Moghadam, Social Change (Lust ed) - CHAPTER 2 Social Change...

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CHAPTER 2 Social Change in the Middle East Valentine M. Moghadam and Tabitha Decker D ESPITE PERSISTENT STEREOTYPING of the Middle East and North Africa (MENA) as static and tradition-bound, the region has experienced consid- erable social change since the mid-twentieth century. State formation, indus- trialization, urbanization, and increasing global ties-interrelated phenomena that can be grouped under the umbrella term "modernization" -have shaped societies around the globe, and the MENA countries are no exception.' These transformations were shaped by particular cultural, social, political, and economic contexts, resulting in variation both across and within regions. In this chapter we trace some of the key elements of societal transformation that have accompanied modernization in MENA, including the reconfiguration of social classes, the rise of mass education, shifts in family and gender norms, and the growth of civil society. Social change is often a contested process, and Islamist movements, women's movements, human rights orga- , nizations, and youth subcultures in MENA have become increasingly vocal and visible in challenging states and cultural norms. Here we examine social change over three periods: the 1950s-1970s, representing the period of socioeconomic development and state building; the 1980s, character- ized by structural ~djustment as well as the expansion of Islamist movements; and the 1990s until the present, with its features of neoliberalism, competing social move- ments of Islamists and women's rights advocates, and conflicts. Framing the chapter conceptually are world polity theory and world systems theory, which help explain the spread of "modern" institutions, norms, and networks in the region as well as the persistence of inequalities and geopolitical challenges.i Modernization, Development, Globalization Stereotypes present the MENA region as Arab, Muslim, and conservative, but the countries differ in their historical evolution, social composition, economic structures, and state forms. All were once under some form of colonial rule except for Iran (which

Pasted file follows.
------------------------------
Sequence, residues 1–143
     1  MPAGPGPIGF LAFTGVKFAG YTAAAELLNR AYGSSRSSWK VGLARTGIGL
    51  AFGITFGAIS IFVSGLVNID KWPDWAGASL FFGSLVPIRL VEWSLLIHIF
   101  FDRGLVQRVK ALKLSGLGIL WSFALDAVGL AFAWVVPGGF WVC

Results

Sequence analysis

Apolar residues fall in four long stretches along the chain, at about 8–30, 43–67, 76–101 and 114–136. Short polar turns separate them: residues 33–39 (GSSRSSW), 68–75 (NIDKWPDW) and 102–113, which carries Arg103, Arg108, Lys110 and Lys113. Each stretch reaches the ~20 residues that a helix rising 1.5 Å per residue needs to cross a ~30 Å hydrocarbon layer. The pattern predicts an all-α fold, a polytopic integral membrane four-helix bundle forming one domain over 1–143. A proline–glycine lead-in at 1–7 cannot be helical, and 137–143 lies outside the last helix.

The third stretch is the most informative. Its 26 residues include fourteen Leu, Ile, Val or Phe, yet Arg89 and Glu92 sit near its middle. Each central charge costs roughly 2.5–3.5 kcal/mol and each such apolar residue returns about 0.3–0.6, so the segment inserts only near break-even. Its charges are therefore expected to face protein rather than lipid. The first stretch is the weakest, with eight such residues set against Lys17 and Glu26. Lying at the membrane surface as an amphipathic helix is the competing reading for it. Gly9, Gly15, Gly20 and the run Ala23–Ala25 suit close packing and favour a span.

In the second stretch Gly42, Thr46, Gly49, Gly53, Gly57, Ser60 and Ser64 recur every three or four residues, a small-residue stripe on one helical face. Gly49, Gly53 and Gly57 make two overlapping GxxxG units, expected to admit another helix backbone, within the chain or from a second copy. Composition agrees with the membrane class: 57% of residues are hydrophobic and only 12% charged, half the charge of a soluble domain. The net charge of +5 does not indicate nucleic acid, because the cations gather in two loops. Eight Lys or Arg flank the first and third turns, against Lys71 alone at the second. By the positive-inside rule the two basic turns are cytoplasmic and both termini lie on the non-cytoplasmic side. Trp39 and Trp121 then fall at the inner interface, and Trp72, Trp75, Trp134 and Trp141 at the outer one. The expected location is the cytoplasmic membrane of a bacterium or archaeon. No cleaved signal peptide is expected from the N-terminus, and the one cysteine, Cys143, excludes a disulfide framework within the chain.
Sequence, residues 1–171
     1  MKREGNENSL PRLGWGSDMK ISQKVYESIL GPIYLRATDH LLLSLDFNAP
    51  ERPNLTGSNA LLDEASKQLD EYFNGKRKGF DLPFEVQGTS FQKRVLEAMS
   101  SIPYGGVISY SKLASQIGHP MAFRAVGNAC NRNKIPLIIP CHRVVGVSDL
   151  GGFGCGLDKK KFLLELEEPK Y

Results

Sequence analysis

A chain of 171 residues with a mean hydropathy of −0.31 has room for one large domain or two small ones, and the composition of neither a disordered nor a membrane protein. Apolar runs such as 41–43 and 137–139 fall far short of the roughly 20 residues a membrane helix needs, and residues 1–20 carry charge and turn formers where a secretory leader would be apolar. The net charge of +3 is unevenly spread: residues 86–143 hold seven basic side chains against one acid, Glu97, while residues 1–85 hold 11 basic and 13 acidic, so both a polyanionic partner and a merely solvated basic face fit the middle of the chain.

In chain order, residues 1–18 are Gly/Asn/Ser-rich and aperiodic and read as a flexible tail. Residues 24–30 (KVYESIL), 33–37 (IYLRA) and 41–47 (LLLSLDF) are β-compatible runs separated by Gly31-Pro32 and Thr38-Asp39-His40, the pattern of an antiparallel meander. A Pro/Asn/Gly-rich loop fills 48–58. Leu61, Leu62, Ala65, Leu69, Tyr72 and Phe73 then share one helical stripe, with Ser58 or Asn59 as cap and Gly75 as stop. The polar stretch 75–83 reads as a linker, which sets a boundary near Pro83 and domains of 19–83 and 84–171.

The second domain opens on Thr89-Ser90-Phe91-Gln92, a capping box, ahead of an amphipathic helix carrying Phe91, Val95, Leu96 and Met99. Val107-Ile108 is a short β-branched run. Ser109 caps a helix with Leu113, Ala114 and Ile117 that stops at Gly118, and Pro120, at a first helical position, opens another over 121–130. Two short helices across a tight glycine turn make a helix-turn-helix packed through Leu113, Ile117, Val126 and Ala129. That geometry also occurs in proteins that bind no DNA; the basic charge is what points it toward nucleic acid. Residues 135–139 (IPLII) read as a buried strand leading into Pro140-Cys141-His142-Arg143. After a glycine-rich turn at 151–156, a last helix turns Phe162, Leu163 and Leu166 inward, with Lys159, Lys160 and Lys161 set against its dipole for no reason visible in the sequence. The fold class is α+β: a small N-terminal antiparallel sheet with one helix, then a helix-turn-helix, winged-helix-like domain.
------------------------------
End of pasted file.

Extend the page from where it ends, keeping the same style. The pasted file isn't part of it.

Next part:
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66 THE MIDDLE EAST nonetheless experienced Russian and especially British intervention in the nineteenth century), Turkey (which was once a colonial power itself), and Israel (which some commentators have called a settler-colonial state). All the countries are predomi- nantly Arab except Iran, Israel, and Turkey, and all have majority Muslim popula- tions except for Israel. Most Muslim countries are largely Sunni except Iran, which is Shiite; Bahrain, which .~as a Shiite majority; and Iraq and Lebanon, with roughly equal parts Sunni and Shiite. Some of the countries (Lebanon, Egypt, a\d Syria) have sizable Christian minority populations; others (Iran, Iraq, Morocco) are ethnically and linguistically diverse. Some have had strong working-class movements and trade unions (Iran, Egypt, Sudan, Tunisia, Turkey) or large communist organizations (Iran, Egypt, southern Yemen, the Palestinians). In all the countries, the middle classes have received Western-style education.
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